Doug Bedell — May 31, 2006, 8:43 am

Barriers as Investment Insurance

Some managers may have the impression that the return on investment from vehicle access barriers is nil if they are never used in anger.

That’s not really so. Vehicle barriers are a form of investment insurance. They can be seen, at least in part, as devices to protect stock prices, even if a facility is never attacked.

The link between perimeter security and stock prices is pointed up by researchers at Ohio State University’s Fisher College of Business. “Terrorist attacks targeting specific companies cost those firms an average of $401 million in stock value per incident,” advises an Ascribe report on the Ohio State Study.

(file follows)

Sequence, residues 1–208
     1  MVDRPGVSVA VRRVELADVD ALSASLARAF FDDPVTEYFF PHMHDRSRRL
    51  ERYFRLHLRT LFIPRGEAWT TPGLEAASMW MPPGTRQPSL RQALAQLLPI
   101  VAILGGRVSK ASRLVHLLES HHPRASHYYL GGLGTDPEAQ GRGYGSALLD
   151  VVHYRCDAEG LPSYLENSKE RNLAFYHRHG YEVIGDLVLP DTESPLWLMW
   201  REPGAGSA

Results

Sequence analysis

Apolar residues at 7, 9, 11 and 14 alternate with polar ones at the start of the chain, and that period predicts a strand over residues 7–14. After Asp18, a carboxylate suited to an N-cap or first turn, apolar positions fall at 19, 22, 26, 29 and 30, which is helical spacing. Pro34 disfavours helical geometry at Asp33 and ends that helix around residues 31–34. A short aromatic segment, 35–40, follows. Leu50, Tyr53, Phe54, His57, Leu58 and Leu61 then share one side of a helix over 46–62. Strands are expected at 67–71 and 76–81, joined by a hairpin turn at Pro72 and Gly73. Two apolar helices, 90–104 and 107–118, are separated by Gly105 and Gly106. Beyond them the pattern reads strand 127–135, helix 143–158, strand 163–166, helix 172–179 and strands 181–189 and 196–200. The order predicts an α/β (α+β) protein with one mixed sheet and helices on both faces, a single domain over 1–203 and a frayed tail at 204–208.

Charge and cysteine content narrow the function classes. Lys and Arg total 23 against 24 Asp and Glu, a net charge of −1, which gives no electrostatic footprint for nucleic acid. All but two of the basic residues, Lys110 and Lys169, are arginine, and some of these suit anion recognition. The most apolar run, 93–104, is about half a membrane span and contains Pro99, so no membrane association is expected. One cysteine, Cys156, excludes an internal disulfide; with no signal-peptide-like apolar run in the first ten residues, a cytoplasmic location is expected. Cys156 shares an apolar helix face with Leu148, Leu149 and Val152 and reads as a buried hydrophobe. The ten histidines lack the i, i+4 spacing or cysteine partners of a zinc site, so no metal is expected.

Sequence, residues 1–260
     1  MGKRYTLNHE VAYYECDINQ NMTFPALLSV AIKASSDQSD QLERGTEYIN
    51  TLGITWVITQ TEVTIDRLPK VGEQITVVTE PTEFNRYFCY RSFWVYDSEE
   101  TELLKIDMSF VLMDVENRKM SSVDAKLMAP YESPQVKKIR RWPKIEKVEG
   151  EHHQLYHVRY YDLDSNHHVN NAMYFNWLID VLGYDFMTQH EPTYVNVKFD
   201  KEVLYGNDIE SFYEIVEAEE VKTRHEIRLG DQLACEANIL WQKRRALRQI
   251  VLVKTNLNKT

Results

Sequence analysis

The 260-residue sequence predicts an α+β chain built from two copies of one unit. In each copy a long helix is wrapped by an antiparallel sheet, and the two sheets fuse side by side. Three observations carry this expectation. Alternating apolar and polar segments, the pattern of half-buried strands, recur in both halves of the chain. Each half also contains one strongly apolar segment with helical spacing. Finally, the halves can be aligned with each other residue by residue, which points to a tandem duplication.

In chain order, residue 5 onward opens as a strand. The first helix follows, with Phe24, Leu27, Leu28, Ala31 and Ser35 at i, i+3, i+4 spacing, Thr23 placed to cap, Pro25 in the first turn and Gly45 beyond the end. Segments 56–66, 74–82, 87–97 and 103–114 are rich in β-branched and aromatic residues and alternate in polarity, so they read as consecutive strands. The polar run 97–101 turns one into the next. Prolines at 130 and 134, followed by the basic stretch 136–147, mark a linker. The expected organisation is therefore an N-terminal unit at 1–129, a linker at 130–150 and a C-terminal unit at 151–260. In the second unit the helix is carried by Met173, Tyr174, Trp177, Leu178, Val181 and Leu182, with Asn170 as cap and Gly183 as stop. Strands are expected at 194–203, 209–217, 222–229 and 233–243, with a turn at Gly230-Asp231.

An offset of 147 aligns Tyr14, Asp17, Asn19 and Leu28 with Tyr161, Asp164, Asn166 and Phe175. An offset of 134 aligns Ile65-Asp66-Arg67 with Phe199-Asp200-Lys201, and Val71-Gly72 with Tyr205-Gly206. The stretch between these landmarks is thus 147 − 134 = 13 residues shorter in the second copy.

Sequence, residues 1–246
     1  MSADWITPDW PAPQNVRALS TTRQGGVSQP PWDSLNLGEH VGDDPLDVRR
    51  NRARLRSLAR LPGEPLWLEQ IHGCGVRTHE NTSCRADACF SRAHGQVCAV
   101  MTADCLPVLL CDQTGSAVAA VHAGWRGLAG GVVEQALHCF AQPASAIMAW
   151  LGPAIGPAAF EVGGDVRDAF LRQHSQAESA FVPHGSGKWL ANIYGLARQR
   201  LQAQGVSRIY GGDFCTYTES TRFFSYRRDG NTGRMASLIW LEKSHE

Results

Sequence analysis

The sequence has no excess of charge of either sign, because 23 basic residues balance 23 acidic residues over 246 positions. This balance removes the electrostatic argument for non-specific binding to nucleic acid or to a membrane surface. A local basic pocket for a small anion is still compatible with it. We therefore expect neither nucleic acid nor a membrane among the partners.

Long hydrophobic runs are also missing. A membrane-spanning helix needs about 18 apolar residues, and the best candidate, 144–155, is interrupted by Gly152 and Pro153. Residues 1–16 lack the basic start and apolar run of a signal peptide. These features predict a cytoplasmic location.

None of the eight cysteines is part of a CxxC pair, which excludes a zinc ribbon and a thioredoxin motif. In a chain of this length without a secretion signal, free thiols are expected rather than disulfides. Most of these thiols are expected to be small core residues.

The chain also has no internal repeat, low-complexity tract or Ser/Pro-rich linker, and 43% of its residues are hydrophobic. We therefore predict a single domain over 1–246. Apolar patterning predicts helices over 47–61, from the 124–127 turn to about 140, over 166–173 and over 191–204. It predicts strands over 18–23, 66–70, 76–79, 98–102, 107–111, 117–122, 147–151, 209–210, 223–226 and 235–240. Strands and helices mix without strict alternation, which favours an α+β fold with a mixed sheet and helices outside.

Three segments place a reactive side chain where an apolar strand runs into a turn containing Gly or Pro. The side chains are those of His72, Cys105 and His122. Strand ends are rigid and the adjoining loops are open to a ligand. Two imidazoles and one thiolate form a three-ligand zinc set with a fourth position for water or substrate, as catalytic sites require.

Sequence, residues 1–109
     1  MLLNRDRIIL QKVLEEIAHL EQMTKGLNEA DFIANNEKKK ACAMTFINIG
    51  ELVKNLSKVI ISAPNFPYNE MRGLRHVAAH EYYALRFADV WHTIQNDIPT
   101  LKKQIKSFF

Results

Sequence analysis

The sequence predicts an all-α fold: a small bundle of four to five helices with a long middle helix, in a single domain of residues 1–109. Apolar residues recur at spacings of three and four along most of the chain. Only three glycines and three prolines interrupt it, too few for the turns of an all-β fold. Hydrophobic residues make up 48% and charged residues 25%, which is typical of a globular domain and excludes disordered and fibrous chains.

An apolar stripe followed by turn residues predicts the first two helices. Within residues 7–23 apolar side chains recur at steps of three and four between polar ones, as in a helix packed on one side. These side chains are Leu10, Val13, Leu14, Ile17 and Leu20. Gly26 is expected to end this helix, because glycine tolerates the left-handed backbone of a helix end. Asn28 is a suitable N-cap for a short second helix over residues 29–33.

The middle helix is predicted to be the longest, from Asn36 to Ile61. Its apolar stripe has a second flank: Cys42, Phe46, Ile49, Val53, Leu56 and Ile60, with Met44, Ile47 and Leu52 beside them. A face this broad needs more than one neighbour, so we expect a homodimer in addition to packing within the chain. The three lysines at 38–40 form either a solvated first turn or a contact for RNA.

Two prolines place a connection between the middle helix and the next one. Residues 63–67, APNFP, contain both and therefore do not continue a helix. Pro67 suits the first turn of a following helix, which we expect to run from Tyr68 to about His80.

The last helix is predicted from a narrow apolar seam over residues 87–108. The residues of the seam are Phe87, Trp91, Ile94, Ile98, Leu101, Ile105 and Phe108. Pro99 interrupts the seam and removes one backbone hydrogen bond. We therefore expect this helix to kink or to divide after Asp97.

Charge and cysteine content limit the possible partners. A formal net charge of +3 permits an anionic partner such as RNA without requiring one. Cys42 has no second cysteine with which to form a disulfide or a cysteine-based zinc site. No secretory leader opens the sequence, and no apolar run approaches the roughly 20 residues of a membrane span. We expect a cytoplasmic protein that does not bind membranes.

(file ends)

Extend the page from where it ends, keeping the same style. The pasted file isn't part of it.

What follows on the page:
The Ohio State team studied 75 terrorist incidents worldwide between 1995 and 2002 and found that stock prices at the target companies dropped an average of 0.83 percent on the day of the incidents.

“There’s a dramatic and reliable negative impact on stock prices as a result of terrorist incidents, and there’s no immediate reversal of that impact,” said Andrew Karolyi, co-author the study’s co-author.

Shareholders can rest easier knowing that facilities in which they have invested are protected by effective perimeter security, including vehicle access barriers.

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